The Ragulator complex in SEGAs. (A) Schematic overview showing the Ragulator complex dependent mTORC1/MAPK signalling. Crystal structure of the Ragulator complex revealed that LAMTOR1 holds together the LAMTOR2/3 and LAMTOR4/5 heterodimers and anchors the complex to the late endosomes/lysosomes (de Araujo et al., 2017). In the presence of amino acids and growth factors, the Ragulator complex can promote Rag GTPase- dependent mTORC1 activation and MEK1 dependent ERK activation via direct interaction of RagA-D and MEK1 with LAMTOR2/3 heterodimer (Teis et al., 2002; Bar-Peled et al., 2012). Furthermore, the Ragulator complex interacts with vacuolar H+-ATPase and neutral amino acid transporter SLC38A9 and thereby can promote mTORC1 activation in the presence of amino acids (Rebsamen et al., 2015; Wang et al., 2015). Rapamycin inhibits mTORC1, whereas U0126 inhibits the MEK1 dependent ERK activation. (BF) RT-qPCR of LAMTOR1 (B), LAMTOR2 (C), LAMTOR3 (D), LAMTOR4 (E) and LAMTOR5 (F) in SEGA (n = 19) compared to control tissue (n = 8), which together can form the Ragulator complex. Data are expressed relative to the expression observed in control tissue. *P < 0.05, **P < 0.01, ***P < 0.001, Mann-Whitney U-test. (G) A String functional protein association network of the Ragulator complex (LAMTOR1–LAMTOR5) interactions identified by StringApp for Cytoscape. High confidence interactions were selected (0.7), identifying interactions with proteins related to the MAPK/ERK and mTORC1 pathway. The outer circle indicates overexpression (red) or under-expression (blue) on RNA level based on the RNA-Seq data. The inner circle indicates to which enriched pathways each protein-interactor belongs to.
Figure 3
Figure 3
ERK activation and LAMTOR1-LAMTOR5 protein expression in SEGAs. (A) Western blot showing pERK1/2 and LAMTOR1 expression in SEGA [n = 6; TSC1 mutated: sample 1–3 and TSC2 mutated: samples 4–6; loss of heterozygosity: samples 3, 4 and 6; loss of heterozygosity identified as described in Bongaarts et al. (2017)] but not in periventricular control tissue (n = 4). β-tubulin was used as a loading control. (B) Quantification of pERK1/2 and LAMTOR1 signals normalized to either total ERK1/2 or β-tubulin. **P < 0.01, Mann-Whitney U-test. (C) Western blot showing pERK1/2 and LAMTOR1 expression in SEGA (n = 4), cortical tubers (n = 4) and angiomyolipoma (AML; n = 1) but not in periventricular control tissue (n = 1: sample C1), cortex control (n = 1; sample C2) and normal kidney tissue (n = 1; sample C3). β-tubulin was used as a loading control. (D and E) Immunohistochemistry for pERK1/2 (red, D) or pS6 (red, E) together with LAMTOR1–LAMTOR5 (blue) on SEGA (n = 6) and periventricular control tissue (n = 5). Insets show a higher magnification of giant cells (indicated with arrows) in SEGA and red arrows indicate the ependymal lining of lateral ventricles. Scale bar = 200 μm; insets = 100 μm.
Figure 4
Figure 4
ERK inhibitor U0126 and rapamycin inhibit proliferation of SEGA cells in vitro. (A) Primary SEGA cells from one SEGA-derived cell culture were stimulated for 24 h with U0126 (5 μM), rapamycin (0.01 μM), a combination of rapamycin with U0126 (rapamycin + U0126) or DMSO (0.05%) as a control. Flow cytometry analysis was used to assay the viability with eFluor or the cell-cycle state using propidium iodide (PI) staining of SEGA cells (n = 5). (B) Quantification of the PI staining showed lesser cells in the S-phase in the U0126, rapamycin and the rapamycin + U0126 conditions compared to control (0.05% DMSO). Data are expressed relative to the control condition. **P < 0.01, Kruskal-Wallis test followed by Mann-Whitney U-test.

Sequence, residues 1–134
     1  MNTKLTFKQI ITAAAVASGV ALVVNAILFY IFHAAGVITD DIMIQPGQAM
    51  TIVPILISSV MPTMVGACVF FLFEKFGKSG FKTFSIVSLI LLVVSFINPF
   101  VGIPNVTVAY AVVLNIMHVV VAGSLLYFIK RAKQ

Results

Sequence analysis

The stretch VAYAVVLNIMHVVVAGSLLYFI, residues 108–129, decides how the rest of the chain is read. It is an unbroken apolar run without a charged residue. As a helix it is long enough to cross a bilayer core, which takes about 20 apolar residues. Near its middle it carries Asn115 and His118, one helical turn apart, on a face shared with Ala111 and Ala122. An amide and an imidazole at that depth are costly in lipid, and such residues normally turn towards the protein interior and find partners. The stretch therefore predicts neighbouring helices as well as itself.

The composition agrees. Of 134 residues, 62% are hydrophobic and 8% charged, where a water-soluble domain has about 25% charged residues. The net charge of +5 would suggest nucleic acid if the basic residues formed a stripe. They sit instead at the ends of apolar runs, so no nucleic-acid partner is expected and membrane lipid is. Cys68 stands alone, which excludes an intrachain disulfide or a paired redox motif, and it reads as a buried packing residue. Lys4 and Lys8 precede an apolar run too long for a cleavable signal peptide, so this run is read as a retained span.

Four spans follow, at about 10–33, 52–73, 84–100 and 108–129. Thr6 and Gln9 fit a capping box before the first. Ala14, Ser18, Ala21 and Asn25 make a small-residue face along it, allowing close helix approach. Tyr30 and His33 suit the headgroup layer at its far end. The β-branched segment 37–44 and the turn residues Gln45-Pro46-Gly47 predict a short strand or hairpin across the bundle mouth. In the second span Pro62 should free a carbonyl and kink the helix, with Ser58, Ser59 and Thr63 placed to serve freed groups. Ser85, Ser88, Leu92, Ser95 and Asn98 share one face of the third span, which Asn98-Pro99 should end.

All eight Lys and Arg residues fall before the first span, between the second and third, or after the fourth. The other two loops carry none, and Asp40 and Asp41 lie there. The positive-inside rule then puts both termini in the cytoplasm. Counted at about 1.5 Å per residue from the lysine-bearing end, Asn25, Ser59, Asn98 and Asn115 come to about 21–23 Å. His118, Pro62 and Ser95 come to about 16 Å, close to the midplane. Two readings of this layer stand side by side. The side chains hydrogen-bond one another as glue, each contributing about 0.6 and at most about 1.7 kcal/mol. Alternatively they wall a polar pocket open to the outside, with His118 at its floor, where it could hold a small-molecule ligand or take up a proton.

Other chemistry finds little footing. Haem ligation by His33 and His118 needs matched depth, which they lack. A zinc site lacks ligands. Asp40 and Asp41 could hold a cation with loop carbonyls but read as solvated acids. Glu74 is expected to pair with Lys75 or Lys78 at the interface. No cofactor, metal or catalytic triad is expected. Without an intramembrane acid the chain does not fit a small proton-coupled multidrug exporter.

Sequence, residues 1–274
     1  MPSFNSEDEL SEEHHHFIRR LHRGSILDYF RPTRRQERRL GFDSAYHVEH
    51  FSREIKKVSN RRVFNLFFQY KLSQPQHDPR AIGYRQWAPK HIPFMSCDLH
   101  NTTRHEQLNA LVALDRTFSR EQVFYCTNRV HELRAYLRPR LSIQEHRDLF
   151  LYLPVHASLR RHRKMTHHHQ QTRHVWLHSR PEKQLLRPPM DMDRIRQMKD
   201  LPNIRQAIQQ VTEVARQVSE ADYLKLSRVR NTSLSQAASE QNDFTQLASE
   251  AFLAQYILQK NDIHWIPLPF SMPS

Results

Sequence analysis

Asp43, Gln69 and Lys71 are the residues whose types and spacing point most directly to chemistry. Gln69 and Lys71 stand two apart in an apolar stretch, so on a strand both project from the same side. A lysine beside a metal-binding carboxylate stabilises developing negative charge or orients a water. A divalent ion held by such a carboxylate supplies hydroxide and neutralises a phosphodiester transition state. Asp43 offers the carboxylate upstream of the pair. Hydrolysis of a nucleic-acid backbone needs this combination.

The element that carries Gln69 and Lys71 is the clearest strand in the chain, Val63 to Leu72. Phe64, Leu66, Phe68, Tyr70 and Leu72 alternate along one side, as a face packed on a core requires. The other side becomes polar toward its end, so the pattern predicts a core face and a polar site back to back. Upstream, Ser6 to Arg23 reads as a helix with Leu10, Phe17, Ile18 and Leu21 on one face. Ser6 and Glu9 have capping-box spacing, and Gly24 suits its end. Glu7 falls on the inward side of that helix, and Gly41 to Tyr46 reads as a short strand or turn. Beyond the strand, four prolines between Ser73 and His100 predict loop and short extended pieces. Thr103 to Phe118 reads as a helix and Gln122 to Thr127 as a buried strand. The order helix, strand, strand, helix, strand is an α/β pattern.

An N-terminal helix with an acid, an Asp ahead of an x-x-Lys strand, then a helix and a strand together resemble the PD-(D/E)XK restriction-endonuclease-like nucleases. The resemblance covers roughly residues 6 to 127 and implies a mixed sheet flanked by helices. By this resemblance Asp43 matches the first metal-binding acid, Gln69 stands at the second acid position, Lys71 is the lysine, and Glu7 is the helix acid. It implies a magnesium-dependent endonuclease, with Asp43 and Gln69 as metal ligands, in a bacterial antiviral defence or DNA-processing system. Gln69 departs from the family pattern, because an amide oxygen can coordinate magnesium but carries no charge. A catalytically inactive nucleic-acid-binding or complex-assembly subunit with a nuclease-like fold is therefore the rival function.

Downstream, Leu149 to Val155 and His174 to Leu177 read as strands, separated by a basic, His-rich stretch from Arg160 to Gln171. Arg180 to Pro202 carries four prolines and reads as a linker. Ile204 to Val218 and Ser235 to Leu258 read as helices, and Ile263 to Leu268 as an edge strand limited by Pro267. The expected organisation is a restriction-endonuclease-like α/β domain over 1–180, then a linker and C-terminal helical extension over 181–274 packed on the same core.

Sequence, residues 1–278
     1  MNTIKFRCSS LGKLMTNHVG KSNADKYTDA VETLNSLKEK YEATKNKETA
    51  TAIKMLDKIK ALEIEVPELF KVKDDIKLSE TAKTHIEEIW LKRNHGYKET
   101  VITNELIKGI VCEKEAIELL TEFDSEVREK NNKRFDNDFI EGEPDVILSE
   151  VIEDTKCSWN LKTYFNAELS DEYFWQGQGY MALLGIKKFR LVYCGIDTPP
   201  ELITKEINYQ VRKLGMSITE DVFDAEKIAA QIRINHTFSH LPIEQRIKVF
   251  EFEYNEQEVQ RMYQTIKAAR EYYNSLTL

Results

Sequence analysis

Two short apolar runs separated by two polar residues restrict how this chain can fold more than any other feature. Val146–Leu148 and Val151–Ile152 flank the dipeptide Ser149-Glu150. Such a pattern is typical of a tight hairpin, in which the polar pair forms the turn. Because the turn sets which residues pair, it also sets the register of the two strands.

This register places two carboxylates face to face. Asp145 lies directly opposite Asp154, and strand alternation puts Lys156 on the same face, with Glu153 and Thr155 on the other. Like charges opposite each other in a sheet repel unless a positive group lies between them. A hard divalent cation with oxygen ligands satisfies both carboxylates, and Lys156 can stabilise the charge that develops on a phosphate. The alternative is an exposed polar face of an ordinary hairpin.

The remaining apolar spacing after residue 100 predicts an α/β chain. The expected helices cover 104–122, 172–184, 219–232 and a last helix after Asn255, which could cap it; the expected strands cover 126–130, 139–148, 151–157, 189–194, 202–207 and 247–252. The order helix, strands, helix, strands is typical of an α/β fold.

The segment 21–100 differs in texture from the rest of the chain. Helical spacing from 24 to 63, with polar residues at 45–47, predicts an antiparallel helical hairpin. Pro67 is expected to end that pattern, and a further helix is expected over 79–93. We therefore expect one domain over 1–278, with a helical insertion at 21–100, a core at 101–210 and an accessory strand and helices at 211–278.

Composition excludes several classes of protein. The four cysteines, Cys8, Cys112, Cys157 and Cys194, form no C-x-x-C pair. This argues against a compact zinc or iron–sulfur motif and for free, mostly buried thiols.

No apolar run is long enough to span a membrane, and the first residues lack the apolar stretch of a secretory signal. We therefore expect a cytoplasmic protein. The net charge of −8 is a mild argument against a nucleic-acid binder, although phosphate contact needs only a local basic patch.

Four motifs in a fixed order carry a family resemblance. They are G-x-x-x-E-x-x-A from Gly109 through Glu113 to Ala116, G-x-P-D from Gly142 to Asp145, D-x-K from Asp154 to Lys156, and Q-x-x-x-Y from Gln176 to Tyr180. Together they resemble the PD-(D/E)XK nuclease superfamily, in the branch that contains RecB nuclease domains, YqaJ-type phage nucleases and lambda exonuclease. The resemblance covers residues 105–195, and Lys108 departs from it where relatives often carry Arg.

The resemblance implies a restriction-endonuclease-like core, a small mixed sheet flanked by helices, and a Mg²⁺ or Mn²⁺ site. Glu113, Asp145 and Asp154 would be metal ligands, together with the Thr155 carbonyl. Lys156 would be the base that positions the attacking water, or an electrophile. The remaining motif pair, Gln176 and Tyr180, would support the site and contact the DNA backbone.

Figure 5
Figure 5
The small non-coding RNA landscape of SEGAs. (A) Volcano plot showing 72 under-expressed and 68 overexpressed small RNAs in SEGA (n = 19) compared to control tissue (n = 8; adjusted P < 0.05). (B) Pie chart showing the distribution of different small RNAs differentially expressed in SEGA compared to control. miRNA = microRNA; snRNA = small nuclear RNA; snoRNA = small nucleolar RNA; vtRNA = vault RNA. (C) Volcano plot showing 49 under-expressed and 45 overexpressed miRNAs in SEGA (n = 19) compared to control tissue (n = 8; adjusted P < 0.05). (D) Heat map showing 81/92 enriched pathways from GSEA that were enriched for validated targets of 45/94 of the differentially expressed miRNAs (Fisher’s exact test, adjusted P < 0.05). Pathways enriched for a specific miRNA are indicted with a green box. (E) Validation of selected differentially expressed miRNAs (miRNA-20a-5p, miRNA-34a-5p, miRNA-130b-3p and miRNA-181a-5p) in SEGA (n = 19) compared to control tissue (n = 8) using TaqManTM PCR. **P < 0.01, ***P < 0.001, Mann-Whitney U-test.
Figure 6
Figure 6
Relative expression of LAMTOR genes after transfection with miRNA-20a-5p mimic in foetal astrocytes. TaqManTM PCR of miRNA-20a-5p (A) and RT-qPCR of LAMTOR1 (B), LAMTOR2 (C), LAMTOR3 (D), LAMTOR4 (E) and LAMTOR5 (F) in foetal astrocytes transfected with miRNA-20a-5p mimic (miR20a) for 24h (n = 3 biological triplets and two technical duplicates). Data are normalized to Lipofectamine® (control). *P < 0.05, **P < 0.01, Mann-Whitney U-test.